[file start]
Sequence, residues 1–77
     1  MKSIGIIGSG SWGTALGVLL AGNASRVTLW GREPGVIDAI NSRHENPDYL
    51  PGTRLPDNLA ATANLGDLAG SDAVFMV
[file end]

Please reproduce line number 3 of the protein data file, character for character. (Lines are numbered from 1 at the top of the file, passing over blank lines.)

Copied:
    51  PGTRLPDNLA ATANLGDLAG SDAVFMV